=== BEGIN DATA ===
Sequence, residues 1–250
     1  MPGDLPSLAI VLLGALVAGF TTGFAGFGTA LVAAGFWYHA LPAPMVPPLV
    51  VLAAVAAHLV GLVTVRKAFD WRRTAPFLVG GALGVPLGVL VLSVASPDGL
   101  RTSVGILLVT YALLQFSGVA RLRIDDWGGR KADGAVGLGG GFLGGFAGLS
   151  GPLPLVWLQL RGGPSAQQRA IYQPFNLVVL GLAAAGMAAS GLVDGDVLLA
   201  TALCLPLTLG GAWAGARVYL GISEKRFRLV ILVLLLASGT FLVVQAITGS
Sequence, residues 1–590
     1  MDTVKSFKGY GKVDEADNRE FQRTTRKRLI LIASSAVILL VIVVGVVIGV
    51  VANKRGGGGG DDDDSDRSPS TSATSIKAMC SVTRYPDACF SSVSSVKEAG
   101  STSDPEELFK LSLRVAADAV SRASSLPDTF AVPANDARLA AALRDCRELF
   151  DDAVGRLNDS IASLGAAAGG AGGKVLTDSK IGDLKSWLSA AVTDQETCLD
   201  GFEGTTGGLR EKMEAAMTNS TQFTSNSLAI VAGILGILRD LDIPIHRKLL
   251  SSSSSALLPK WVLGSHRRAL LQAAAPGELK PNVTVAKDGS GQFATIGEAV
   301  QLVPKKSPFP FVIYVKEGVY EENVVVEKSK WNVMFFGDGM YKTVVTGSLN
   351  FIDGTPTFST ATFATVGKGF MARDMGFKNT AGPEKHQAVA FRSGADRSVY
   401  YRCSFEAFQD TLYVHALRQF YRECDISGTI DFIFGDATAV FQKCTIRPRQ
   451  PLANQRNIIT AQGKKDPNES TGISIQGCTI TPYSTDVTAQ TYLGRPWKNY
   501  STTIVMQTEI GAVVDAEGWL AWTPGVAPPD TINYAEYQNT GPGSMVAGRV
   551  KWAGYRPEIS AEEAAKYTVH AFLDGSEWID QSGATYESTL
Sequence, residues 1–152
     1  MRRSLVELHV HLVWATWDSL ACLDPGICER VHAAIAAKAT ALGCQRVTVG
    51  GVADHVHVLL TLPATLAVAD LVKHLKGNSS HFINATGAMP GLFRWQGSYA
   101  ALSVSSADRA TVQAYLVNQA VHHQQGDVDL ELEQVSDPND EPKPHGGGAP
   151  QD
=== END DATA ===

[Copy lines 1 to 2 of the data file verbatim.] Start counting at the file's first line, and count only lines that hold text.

Sequence, residues 1–250
     1  MPGDLPSLAI VLLGALVAGF TTGFAGFGTA LVAAGFWYHA LPAPMVPPLV